Alastair McDermott 43:41
I love that. And, and as a podcaster, and somebody who talks to people about using podcasting, this is something that I do myself. So for example, I have you here talking. So now your audience are going to see me as more of an authority because I’m speaking with you. I’ve had Alan Weiss on the show, David C. Baker, Mark Schaefer, Michael, Marcus Sheridan, I’ve had all of these very, very well known experts in their fields. Yeah. And what does an interesting thing with when you interview those people and talk with those people, is you’re elevated by the audience to be at the level that they are, even if you are not, I find this fascinating how the psychology of this works, but because you were talking to these people, and you seem to be talking, it does increase and elevate your authority. So in the same way that you just talked about, so yeah,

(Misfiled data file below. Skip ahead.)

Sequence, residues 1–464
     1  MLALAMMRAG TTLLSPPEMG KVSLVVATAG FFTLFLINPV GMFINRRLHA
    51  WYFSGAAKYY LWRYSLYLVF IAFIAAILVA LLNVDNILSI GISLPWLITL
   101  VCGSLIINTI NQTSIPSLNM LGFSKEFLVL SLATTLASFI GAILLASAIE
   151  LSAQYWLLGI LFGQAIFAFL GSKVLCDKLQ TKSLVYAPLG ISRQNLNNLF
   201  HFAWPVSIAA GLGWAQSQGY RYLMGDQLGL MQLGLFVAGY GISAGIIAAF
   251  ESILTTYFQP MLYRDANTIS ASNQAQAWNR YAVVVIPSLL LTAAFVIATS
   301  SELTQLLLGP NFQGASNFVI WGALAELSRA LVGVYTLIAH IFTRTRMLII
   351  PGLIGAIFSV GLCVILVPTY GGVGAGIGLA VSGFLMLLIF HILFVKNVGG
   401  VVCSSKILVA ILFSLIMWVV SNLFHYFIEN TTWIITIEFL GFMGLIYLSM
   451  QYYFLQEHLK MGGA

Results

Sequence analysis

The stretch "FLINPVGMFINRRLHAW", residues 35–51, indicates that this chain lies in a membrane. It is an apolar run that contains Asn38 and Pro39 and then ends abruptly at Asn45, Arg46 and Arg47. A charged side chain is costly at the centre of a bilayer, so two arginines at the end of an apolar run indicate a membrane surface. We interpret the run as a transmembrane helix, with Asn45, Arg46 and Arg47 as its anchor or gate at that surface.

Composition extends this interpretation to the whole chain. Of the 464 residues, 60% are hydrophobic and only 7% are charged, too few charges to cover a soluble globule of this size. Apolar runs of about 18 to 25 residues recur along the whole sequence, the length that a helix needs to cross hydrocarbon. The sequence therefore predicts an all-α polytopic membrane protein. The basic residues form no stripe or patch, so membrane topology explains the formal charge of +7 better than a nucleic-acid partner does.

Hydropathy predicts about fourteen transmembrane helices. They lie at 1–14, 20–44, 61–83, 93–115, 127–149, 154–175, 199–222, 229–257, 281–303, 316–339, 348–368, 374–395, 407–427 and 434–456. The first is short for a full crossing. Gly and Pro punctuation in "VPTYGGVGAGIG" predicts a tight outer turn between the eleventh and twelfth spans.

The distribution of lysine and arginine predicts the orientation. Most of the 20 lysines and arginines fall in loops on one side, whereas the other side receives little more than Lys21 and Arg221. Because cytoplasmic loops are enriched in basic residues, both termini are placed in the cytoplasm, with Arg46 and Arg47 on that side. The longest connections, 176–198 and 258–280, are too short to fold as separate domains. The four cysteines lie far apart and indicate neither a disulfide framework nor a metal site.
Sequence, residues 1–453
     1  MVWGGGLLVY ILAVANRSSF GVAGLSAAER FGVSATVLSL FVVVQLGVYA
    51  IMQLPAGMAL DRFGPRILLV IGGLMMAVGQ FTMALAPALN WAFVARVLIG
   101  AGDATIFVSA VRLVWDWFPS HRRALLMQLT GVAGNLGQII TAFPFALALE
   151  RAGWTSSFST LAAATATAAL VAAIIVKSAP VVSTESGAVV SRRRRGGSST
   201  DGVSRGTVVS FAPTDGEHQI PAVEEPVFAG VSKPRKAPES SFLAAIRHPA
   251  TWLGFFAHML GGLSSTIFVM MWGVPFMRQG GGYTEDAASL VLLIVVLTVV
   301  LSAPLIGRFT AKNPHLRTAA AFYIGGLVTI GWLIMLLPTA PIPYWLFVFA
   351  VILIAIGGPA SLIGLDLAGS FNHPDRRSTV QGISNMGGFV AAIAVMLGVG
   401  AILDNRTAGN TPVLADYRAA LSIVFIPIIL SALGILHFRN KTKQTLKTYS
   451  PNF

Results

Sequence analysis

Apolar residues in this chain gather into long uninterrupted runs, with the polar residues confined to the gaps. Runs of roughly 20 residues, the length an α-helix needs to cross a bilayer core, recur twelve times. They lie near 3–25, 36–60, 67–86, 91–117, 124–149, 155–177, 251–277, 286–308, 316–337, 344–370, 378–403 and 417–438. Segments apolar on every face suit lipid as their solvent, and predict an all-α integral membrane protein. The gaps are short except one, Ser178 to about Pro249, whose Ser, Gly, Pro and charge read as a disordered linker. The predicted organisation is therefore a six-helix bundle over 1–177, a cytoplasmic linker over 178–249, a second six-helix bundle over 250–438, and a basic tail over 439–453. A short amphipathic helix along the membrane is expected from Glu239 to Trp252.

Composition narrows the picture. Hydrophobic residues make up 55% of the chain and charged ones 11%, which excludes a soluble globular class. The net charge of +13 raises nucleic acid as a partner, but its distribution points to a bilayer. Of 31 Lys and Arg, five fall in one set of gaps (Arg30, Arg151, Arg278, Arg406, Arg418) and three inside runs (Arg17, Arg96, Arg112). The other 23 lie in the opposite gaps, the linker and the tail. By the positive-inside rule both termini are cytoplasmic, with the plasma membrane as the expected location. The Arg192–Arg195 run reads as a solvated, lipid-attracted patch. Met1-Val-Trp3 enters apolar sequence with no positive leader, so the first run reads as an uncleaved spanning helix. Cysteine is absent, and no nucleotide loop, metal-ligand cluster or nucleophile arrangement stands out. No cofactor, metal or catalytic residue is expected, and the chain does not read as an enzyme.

Salma Jafri 44:33
by association, yeah.

Alastair McDermott 44:35
Yeah. Love it. That’s a great answer. So thank you. You’re welcome. Okay, so we’re nearly at time. So I’m just going to ask you two very quick final questions. Is there a business book or resource that’s been important for you or that you would recommend to people?

Salma Jafri 44:58
That’s fine. If you’re in marketing, you need to understand psychology. And then this is the book that helps me understand psychology. It’s called Influence by Robert Cialdini ClD. Me not sure how it’s pronounced, but that’s the book. That’s my very short answer. Do I need to say more on this?